By: Jeanne Batalova
Source: Migration Policy Institute
From the report:
Nearly 20 years ago, Congress established the month of May as Asian-Pacific American Heritage Month to recognize two events: the arrival of first Japanese immigrants on May 7, 1843, and the contributions of Chinese immigrant laborers in the building of the transcontinental railroad, which was completed on May 10, 1869. In observance of Asian-Pacific American Heritage Month, we share the most recent facts and statistics about immigrants from Asia.
As of 2009, there were more than 10.6 million Asian immigrants in the United States. Immigration from Asia has increased considerably since the 1965 US Immigration and Nationality Act, which removed national-origin quotas that favored European immigration. In 1960, the Asian born accounted for just 5 percent of the foreign-born population in the United States, but by 2009, their share increased more than five-fold to account for nearly 28 percent of immigrants. Today, the Asian born are the country’s second-largest immigrant population by world region of birth, behind those from Latin America.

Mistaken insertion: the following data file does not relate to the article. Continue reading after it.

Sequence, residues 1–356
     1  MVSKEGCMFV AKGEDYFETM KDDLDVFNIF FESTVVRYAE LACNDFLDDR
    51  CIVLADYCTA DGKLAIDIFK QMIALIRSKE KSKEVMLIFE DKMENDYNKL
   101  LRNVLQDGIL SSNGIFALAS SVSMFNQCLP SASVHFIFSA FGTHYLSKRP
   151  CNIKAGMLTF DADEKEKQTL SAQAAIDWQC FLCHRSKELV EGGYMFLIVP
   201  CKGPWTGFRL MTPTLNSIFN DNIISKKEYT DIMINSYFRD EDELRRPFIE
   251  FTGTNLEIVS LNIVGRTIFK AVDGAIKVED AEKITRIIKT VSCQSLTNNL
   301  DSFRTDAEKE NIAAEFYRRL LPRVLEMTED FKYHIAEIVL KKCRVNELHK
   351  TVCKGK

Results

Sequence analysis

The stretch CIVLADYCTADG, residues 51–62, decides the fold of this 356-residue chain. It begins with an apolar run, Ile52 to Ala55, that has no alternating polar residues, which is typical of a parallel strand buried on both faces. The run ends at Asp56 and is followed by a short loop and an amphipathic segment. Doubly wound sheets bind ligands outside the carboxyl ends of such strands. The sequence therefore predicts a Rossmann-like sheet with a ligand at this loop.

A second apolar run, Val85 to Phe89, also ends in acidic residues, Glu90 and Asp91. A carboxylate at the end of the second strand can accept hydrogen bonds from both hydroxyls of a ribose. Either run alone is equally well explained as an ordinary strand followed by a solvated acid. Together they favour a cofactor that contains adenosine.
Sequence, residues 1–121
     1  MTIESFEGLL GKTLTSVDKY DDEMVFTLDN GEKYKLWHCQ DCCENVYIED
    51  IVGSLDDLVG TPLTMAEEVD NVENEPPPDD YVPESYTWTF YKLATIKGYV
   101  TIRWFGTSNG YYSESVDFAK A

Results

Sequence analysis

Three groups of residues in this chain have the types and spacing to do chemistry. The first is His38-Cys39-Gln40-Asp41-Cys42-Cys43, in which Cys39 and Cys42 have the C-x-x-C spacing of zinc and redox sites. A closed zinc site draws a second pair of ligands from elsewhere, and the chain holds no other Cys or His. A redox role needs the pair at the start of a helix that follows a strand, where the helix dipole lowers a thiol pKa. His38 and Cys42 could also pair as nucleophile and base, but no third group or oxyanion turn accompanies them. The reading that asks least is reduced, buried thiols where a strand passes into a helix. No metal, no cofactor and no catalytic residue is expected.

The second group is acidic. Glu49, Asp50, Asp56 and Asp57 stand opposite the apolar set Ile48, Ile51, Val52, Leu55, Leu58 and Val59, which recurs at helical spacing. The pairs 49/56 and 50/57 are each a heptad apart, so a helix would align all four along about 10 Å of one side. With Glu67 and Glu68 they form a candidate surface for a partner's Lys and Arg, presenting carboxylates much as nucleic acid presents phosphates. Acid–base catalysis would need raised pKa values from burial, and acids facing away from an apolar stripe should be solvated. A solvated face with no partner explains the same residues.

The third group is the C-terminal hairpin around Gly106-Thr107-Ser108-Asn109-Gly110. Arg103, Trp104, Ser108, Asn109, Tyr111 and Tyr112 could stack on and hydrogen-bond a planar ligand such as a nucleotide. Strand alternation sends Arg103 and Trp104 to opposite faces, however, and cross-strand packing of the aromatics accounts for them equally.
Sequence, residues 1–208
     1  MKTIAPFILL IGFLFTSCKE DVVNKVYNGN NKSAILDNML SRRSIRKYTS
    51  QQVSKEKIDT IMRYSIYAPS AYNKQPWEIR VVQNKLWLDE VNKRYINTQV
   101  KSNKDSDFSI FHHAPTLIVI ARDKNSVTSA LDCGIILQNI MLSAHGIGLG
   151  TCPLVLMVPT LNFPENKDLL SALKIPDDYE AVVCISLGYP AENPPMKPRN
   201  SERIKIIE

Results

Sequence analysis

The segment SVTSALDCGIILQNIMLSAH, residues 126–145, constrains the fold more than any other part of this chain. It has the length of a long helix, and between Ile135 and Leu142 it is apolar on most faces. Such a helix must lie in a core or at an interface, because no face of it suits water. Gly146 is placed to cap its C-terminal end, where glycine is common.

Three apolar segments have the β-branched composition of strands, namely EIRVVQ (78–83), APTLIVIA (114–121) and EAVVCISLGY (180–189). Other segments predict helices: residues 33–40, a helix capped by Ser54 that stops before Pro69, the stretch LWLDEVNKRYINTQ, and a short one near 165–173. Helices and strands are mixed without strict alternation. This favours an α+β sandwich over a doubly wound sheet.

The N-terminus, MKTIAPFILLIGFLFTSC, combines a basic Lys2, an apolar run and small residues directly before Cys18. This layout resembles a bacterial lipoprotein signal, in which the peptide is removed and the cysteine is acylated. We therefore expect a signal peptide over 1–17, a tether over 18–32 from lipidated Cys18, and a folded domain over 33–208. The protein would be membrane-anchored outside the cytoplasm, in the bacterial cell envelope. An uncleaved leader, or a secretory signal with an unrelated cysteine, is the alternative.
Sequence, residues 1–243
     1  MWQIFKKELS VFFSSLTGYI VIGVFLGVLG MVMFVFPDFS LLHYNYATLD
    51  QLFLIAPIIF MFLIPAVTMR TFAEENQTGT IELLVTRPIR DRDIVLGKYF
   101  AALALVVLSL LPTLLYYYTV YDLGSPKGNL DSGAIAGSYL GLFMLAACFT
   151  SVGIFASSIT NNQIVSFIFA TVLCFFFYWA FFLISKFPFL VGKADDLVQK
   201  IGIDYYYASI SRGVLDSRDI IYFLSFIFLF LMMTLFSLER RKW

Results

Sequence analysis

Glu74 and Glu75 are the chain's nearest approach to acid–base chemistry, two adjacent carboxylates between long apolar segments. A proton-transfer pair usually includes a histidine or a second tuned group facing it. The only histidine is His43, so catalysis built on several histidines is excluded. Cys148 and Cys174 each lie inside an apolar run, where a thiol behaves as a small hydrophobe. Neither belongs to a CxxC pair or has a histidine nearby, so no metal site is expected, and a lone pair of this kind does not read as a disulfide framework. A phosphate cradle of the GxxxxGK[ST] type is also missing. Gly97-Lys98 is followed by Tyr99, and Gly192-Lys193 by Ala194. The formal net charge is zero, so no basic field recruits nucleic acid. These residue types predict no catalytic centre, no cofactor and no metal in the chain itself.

The top three countries of origin of Asian immigrants are the Philippines, India, and China, and California, New York, and Texas are home to nearly half of all Asian immigrants in the country (for more information on immigrants by state, please see the ACS/Census Data tool on the MPI Data Hub).